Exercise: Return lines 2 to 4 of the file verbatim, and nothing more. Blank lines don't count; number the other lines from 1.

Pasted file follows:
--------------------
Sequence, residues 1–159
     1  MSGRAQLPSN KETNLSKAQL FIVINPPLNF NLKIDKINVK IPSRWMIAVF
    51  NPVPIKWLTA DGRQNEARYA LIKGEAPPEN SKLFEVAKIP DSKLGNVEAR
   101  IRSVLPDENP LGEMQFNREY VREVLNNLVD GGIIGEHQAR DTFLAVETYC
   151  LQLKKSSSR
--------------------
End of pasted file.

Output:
     1  MSGRAQLPSN KETNLSKAQL FIVINPPLNF NLKIDKINVK IPSRWMIAVF
    51  NPVPIKWLTA DGRQNEARYA LIKGEAPPEN SKLFEVAKIP DSKLGNVEAR
   101  IRSVLPDENP LGEMQFNREY VREVLNNLVD GGIIGEHQAR DTFLAVETYC